A group of Engineering and Applied Science (EAS) students brought space a huge step closer to UCCS on Saturday, April 1.
Electrical Engineering students Caleb Hill, Ian Heinrich, Lauren Uebel and Alondra Hauser; Mechanical and Aerospace Engineering students Edward Lundberg and Maxwell Albrecht; and Data Analytics and Systems Engineering student Isaac Remington launched a CubeSat, which is a miniature satellite that has most of the capabilities of a real satellite, into near space on a high-altitude balloon flight.
The project was part of the students’ respective Senior Capstone courses. They were advised by faculty members Ben Wilcox and Bill Michael. The students worked together to design and build the CubeSat and launched their CubeSat at 6:45 a.m. from Deer Trail, CO. The CubeSat flew to 120,000 feet and successfully demonstrated several innovative communication experiments, including downloading in-flight telemetry and images.
The CubeSat powered on and functioned completely throughout the flight with ample energy remaining at touchdown. Photos and raw sensor data indicated that there was some significant turbulence during the flight, but the payload was undamaged when recovered on the ground near Burlington, CO. RF data links also worked well and the team received real-time in-flight telemetry, passed a text message to another ham radio and downloaded images during the flight. The team was able to relay messages through the payload to and from Amateur Radio operator and volunteer Vlad Fomitchev.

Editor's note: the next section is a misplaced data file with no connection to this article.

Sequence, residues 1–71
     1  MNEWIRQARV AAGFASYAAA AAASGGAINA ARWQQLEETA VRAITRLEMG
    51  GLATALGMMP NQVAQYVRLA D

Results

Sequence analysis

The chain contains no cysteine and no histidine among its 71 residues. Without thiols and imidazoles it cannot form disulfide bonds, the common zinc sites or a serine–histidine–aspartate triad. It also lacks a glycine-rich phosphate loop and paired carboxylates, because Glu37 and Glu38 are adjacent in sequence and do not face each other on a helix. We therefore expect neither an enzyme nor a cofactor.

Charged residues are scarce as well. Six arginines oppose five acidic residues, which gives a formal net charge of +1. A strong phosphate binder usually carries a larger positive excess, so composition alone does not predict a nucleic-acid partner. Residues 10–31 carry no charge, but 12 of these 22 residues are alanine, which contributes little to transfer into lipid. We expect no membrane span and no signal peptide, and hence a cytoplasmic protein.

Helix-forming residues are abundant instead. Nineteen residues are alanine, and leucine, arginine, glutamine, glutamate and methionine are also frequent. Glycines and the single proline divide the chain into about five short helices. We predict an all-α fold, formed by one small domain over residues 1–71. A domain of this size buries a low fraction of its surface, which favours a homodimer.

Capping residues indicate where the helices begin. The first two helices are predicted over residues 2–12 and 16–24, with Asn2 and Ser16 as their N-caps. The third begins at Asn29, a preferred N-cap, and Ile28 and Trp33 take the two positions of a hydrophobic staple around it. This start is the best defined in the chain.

The students also partnered with the Colorado Space Grant Consortium (CSGC) and Amergint Technologies on the CubeSat project. The CSGC works with colleges, universities and institutions around Colorado and provides students an opportunity to interact with engineers and scientists from NASA and aerospace companies to develop, test and fly new space technologies.
CSGC’s high altitude balloon flight program, or DemoSat, provides low-cost access to the edge of space. Students design, fabricate, launch, recover and analyze data from balloon payloads of their own design. The students worked closely with the CSGC operational ham radio and recovery team, with one of CSGC members saying, “Congratulations on your success! I very much appreciate the creativity, work, and time that went into making this a success. I look forward to seeing the next phase of your endeavors.”
Amergint Technologies builds transformational hardware and software solutions that support critical programs around the globe and in space. The Amergint team also worked closely with the students on requirements and communication payload operation and were pleased with the flight results.
This collaboration is an excellent example of the many hands-on opportunities students have in the EAS college and with the CSGC. One such opportunity involves another team of students recently being selected to participate in CSGC’s Great Lunar Expedition for Everyone (GLEE). This mission will deploy tiny spacecraft to the moon’s surface to conduct science experiments and programmed by students for a mission of their own design. The UCCS team formed in fall 2022 and is continuing to work on this next step – to the moon!
About the UCCS College of Engineering and Applied Science
The College of Engineering and Applied Science enrolls more than 1,700 students and offers 23 engineering and computer science degrees, ranging from bachelor to doctoral. The college is a Department of Homeland Security / National Security Agency Center of Academic Excellence in Cyber Defense and works closely with the National Cybersecurity Center and with more than 250 aerospace and defense, information technology, cybersecurity and engineering organizations in the Pikes Peak region. Learn more about the College of Engineering and Applied Science at UCCS.